3

You absolutely can combine them! Many 3D games contain an image for the characters body and one for the head, and some combine the two for a single texture for the entire a model. Here's an example of a whole head's texture: Also check out this PDF if you'd like to learn more about texture mapping in general.


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I didn't check thoroughly, but one major problem I see here is that you aren't following the OpenGL manual: This line of code is never valid: gl.glBindBuffer(GL.GL_TEXTURE0, vboTextureCoordHandle); You must use a valid buffer bind target, in this case GL_ARRAY_BUFFER. As it stands now, you're using your model coordinates as the texture coordinates also, ...


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I figured out my "EDIT3" problem: I didn't look closely enough at the parameters of glDrawArrays(). Instead of saying gl.glDrawArrays(GL.GL_TRIANGLES, (int) vertices.get(0), vertices.capacity()); I should have been saying gl.glDrawArrays(GL.GL_TRIANGLES, 0, vertices.capacity()); because the middle parameter is the starting point. After that, the cube ...


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I created a new project, ported everything over. It solves the problem, so I assume it is a Unity bug. I have no idea how to recreate it though.


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The task is actually highly parallelisable on the GPU. Here is an algorithm that should work, assuming e.g. a 1024×1024 source texture ST. create a 256×256 render target, RT1 run a fragment shader that reads from ST and writes to RT1 and does the following: for each fragment in the render target get the (x,y) fragment coordinates sample 16 pixels from ...


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As noted already, you cannot create a TextureArray with different formats or sizes. They all must have the same for both. That said, the binding limit for simultaneous textures with Direct3D 11 and Feature Level 10.0 is 128, so you could just bind up to 128 individual SRVs in a single pass. TextureArrays already require Feature Level 10.0, and Feature Level ...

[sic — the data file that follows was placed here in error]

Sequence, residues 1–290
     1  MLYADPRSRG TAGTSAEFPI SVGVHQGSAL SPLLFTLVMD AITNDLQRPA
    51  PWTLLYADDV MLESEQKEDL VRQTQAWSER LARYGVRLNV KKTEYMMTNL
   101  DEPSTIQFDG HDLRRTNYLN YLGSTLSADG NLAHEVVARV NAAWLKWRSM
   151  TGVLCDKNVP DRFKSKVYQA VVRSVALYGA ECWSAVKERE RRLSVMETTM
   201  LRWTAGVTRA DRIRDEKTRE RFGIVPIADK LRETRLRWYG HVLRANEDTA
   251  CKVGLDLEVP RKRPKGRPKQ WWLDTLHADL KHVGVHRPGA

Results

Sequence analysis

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Yes. Ensure that none of the vertices in the trunk are included in the bones controlling the arms. Check out the skin modifier documentation and how to either modify the envelopes you're using, or manually selected the vertices controlled by the underlying bone.


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This might be related to using texture atlas techniques combined with mipmapping. Mipmapping means that you generate scaled down versions of your textures. These are used when looking at textures that are at a far distance or viewed at a sharp angle. The reason for this is that you want to sample a larger area of the texture when looking at it from a ...


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From what I understand from your question: You don't want your model/dashboard to have so much shadow on it from certain angles. Here is a picture of a textured model with just the default lighting enabled: The dark side: Well if you want to make it look like there is lighting coming from the model you can add Emmisive Light. Change you ...


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I should have read your post completely. Using glDrawElements is not a perfect fit for textured models because there can be shared vertices but those vertices cannot have same texture coordinates all the time. So you have to add all the vertices normally as you do in the case of using glDrawArrays. So using glDrawElements is useless in this case and it ...